To be honest in the cold light of the morning-after as well as hindsight, was to admit that the love had begun to die a long time before he raised his hand to me. It had withered under the relentless assault of his expectations that apparently could only exist upon the graveyard of my own, coupled with a chasm between our personalities that could only temporarily be bridged by sex. All that was left in the end was a rapidly diminishing comfort of the familiar and a vague feeling of irritation mixed with impatience every time I was confronted by his constant desire for reassurance. The rage, of course, was intermittent and carefully hidden at most times.

In a way, had I not been ashamed of my reasons for not leaving him, had I not been ashamed of the words of love that I gave to him week after week without meaning a word of it, I think I would never have crossed the line between disdain and hate no matter what he did to me. One didn’t hate a slug, after all, for being a slug. One hates a slug only when it touches upon something hidden deep within ourselves. My recognition of my own frailties when coupled with his attacks upon me, fed on each other to the magnification of both. And I began to hate him. As passionately as he wished me to love him.

Perhaps I would still have remained on this side of hatred had I been able to talk it over with someone. But I didn’t say a word. Instead, I chose to hold those bruises and that shallowly buried rage, which threatened sometimes to cut off my air supply when my eyes landed on his face, close within me where no one else could see them.

Why? Because I was afraid. Not of him. But, for the first time in my life (and this was his true ‘gift’ to me), I was afraid of what other people would say. I was afraid that they would either scorn me for my weakness or refuse to believe that he’d raised a hand to me. Of the two, I feared disbelief more than I feared anything else. I think I would rather have died than tell someone and then have them look at me with eyes that asked is that so? while their mouths said oh poor you!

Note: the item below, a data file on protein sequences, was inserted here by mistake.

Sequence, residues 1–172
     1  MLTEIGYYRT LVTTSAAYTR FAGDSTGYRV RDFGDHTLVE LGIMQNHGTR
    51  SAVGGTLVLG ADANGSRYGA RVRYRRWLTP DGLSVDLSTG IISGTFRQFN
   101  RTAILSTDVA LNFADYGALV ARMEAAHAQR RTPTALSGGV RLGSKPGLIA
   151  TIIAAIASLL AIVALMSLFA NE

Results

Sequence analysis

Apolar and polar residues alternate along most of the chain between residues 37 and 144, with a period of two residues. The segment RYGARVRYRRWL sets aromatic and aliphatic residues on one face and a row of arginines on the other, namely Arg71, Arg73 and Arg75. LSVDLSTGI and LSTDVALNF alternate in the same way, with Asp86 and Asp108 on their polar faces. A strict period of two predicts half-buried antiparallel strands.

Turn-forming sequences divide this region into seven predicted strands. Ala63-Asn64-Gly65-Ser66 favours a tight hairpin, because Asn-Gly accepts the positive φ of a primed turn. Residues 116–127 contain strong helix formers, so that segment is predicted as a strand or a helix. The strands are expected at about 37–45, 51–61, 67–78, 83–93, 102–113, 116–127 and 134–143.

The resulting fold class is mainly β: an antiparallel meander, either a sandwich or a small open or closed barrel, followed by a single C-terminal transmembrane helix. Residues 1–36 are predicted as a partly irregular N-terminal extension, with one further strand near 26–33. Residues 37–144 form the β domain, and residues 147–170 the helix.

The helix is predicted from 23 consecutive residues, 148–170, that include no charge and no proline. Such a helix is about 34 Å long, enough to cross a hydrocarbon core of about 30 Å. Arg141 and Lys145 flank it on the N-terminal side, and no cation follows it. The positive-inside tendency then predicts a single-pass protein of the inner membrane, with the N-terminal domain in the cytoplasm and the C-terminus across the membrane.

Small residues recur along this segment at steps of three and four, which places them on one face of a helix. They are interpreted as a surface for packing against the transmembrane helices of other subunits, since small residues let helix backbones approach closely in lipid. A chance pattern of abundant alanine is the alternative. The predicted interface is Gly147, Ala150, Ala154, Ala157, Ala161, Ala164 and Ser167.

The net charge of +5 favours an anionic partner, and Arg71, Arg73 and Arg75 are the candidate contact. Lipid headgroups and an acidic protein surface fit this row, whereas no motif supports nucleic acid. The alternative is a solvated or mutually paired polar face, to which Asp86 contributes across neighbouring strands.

***

We weren’t bad people, he and I. At least, I don’t think so.

He used to blush when I teased him about his ex-girlfriends and speculated about his wild past. I would blush when he paid me extravagant compliments, still unused to them after the teen years of braces and glasses. We loved buying each other little things – he would buy me the tiny pieces of silver work that I so loved; I would buy him the bottles of after-shave he was addicted to. He would play with my hair; I would pinch his cheeks. We made faces at each other in restaurants, embarrassing the waiters as they glided around our table. When the rains came, we bunked classes and went for long rides on smooth roads; I would hold him close for warmth as the bike hugged the wet road and the wind and rain whipped around us. We liked to eat out. We liked to dress up and go out to posh parties with all the fervor of the newly adult but we refused to color-coordinate, looking down disdainfully at the couples that did so. He was never happier than when he was in the midst of a crowd; I liked my space. He liked trance; I preferred Hip Hop. We both had a thing for classical music – Western and Indian. He liked Shakespeare; I was born on Shakespeare’s birthday.

No. We weren’t bad people, he and I. At least, I don’t think so. But something within us brought out the worst in each other.

When we first started dating, we told each other that we were meant to be. And perhaps it was true. Perhaps we were meant to be – not forever and ever amen… but to introduce ourselves to all that we didn’t want to be. Maybe we were each other’s guide to our darker selves, the ones we both hated but couldn’t break free of because they were us.

If the power of monsters lies in their name, I failed to recognize mine. I thought it was him, but in fact it was me. In retrospect, he was nothing – his presence in my life was limited to the ground I allowed him to occupy. Myself, I carried everywhere. An incubus whom there was no repelling for she was born of my own body.